Righteous Fury

By: Markus Heitz

Disclaimer: I received an Advanced Reader’s Copy of this book to review. As is my policy with books that I receive for review, if I don’t like it, I don’t review it.

This is the first book by Heitz that I’ve read.  The book, along with most of the rest of Heitz’s books were originally published in his native German before being translated over into English for those of us who are mono-lingual.  There’s a series that comes before this series, The Dwarves series.  From what I can tell from other reviews, and from having read this book, it’s not necessary to have read any of the other books in order to read this one.  The Dwarves series, as it’s name implies, tells the stories from the perspectives of the dwarves in this world, while Righteous Fury is the first in the Alfar series told from the perspective of the Alfar.

The Alfar are Heitz’s version of a dark elf.  At least, from what I can tell.  They’re an evil race with visual similarities to the Elven race.  The two main characters are Alfar who begin as rivals, but are forced to get along in order to execute on a plan that their rulers have chosen them for.  From there, we’re led through a journey as they fight amongst themselves, as well as with many of the other inhabitants of the world.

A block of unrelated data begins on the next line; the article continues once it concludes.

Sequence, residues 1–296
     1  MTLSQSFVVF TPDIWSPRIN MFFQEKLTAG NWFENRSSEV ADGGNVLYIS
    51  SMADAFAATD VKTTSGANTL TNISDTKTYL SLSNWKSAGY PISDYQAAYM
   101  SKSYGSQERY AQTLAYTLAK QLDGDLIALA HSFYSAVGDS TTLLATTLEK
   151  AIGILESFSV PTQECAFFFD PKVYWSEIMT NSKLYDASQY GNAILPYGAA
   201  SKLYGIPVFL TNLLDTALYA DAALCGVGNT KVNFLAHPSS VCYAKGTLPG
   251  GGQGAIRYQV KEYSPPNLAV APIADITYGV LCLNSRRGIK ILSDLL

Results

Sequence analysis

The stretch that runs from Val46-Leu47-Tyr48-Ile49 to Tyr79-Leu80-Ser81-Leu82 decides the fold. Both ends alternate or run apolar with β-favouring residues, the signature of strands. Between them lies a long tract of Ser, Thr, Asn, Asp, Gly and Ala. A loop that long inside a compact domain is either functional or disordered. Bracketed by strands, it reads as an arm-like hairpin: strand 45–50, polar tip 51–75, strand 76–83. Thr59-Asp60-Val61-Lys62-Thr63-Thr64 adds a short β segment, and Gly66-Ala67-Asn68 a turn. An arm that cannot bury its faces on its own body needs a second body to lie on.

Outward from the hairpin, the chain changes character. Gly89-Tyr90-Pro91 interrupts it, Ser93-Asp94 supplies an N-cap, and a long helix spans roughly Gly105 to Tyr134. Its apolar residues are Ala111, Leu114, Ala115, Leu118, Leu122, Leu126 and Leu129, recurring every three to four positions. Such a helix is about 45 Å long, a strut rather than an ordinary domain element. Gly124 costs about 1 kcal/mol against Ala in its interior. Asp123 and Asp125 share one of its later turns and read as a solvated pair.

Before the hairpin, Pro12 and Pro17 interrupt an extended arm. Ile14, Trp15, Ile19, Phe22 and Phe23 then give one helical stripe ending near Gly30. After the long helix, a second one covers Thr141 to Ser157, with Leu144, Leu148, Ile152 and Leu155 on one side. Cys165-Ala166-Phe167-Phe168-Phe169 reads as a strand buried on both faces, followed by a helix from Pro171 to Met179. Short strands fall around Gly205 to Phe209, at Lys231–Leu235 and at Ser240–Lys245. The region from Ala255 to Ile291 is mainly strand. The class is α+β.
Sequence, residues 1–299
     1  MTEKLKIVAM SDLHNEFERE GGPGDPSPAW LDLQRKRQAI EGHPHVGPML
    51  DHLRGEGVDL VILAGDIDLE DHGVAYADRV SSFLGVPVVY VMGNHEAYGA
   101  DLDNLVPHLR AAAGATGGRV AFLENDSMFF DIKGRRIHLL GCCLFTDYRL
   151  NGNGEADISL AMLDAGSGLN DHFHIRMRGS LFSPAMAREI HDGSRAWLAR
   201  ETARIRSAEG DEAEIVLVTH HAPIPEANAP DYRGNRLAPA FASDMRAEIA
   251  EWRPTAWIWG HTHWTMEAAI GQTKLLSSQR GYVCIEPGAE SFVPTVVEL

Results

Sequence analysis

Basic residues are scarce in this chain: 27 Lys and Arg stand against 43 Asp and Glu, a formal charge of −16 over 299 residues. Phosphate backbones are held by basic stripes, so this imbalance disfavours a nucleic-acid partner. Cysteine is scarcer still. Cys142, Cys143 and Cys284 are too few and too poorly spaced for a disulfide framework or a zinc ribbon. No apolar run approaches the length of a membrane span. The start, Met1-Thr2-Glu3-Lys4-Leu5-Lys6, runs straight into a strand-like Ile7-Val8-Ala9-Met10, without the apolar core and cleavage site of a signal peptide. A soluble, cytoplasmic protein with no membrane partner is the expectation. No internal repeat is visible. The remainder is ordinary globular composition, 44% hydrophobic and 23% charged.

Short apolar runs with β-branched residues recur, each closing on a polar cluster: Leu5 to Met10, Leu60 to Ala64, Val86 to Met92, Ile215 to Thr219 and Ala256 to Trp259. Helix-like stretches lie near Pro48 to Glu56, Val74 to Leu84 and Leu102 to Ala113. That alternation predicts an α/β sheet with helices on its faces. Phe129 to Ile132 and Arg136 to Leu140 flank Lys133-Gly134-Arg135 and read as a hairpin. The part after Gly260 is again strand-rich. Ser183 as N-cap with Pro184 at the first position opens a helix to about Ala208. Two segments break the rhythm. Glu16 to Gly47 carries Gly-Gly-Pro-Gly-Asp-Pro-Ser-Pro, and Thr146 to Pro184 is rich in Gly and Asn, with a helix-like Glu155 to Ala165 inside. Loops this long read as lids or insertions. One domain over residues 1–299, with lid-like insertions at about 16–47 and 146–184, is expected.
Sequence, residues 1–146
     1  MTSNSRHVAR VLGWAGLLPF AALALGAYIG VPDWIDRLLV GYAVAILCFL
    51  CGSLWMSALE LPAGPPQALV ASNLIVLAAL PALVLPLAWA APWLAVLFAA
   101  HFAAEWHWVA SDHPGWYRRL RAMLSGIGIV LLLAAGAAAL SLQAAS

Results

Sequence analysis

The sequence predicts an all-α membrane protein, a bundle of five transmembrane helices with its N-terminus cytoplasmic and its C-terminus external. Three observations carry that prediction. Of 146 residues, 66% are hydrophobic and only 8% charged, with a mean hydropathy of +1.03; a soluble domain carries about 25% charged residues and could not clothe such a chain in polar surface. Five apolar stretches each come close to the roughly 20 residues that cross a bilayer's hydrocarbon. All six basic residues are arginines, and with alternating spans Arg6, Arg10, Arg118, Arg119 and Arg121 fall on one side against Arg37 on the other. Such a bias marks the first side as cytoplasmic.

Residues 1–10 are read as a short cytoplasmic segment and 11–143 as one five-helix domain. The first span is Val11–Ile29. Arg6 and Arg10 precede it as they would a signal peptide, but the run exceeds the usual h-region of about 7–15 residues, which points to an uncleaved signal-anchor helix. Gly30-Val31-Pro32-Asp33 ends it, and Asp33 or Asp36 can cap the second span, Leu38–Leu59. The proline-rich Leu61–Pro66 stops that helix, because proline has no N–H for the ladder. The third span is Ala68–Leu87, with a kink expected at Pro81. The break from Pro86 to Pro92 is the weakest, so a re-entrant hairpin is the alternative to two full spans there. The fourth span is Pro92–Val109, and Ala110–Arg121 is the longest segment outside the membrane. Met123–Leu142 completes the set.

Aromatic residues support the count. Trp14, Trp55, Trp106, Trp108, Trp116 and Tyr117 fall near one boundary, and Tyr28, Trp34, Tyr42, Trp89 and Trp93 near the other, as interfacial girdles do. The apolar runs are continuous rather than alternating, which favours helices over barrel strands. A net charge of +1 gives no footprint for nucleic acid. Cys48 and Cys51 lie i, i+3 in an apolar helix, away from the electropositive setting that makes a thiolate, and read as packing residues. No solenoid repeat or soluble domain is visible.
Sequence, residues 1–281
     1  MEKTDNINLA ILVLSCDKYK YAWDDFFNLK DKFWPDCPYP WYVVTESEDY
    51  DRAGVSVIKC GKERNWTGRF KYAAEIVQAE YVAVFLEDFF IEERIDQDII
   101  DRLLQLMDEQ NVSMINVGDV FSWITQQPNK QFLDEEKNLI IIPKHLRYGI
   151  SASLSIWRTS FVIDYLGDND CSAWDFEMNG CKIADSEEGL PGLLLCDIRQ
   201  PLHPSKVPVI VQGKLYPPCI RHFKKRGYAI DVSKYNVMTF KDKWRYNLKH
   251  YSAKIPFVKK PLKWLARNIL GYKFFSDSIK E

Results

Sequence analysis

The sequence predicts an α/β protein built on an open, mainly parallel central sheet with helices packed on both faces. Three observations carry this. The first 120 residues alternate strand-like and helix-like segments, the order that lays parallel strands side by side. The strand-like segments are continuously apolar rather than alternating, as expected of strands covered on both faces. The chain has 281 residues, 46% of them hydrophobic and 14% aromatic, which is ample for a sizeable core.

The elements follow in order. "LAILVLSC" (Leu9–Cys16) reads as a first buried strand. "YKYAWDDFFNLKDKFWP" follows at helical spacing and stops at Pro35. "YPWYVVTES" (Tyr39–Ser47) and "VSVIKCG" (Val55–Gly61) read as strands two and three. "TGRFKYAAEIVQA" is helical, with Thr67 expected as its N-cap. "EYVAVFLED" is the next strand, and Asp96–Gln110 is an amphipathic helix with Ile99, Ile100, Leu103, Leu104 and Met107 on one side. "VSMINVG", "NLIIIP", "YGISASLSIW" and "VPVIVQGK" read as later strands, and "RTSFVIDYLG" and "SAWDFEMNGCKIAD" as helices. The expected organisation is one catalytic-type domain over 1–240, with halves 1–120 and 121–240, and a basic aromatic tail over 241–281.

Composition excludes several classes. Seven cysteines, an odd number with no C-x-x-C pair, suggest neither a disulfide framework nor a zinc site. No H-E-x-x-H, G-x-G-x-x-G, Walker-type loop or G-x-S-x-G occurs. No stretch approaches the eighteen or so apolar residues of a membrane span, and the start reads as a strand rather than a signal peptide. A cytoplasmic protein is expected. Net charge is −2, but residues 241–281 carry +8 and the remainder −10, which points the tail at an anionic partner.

It’s hard for me to comment much on the actual writing of a book that’s been translated.  By default, when translated, the language had to be restructured in that most languages have a different grammatical structure than English.  So, I just won’t.  I can comment on the structure of the story though.  From a structure piece, there were a few places where it was a bit weak, and it seemed like we jumped from some dire circumstance right into the saving action.  Perhaps it was necessary, but it almost felt like the story had been written into a corner and it was the most convenient way of getting it out.

Overall, I enjoyed the book.  It’s a well written fantasy story that doesn’t extend itself into the length of the epic tomes that seem to be dominating the market just now.  I suppose it bears warning that the main characters are evil Alfar, so you’ve got to be able to get through a few grotesque descriptions and overall evilness of the people in order to really enjoy the story.


Pardon The Ravens

Pardon the Ravens

By: Alan Hruska

Disclaimer: I received an Advanced Reader’s Copy of this book to review. As is my policy with books that I receive for review, if I don’t like it, I don’t review it.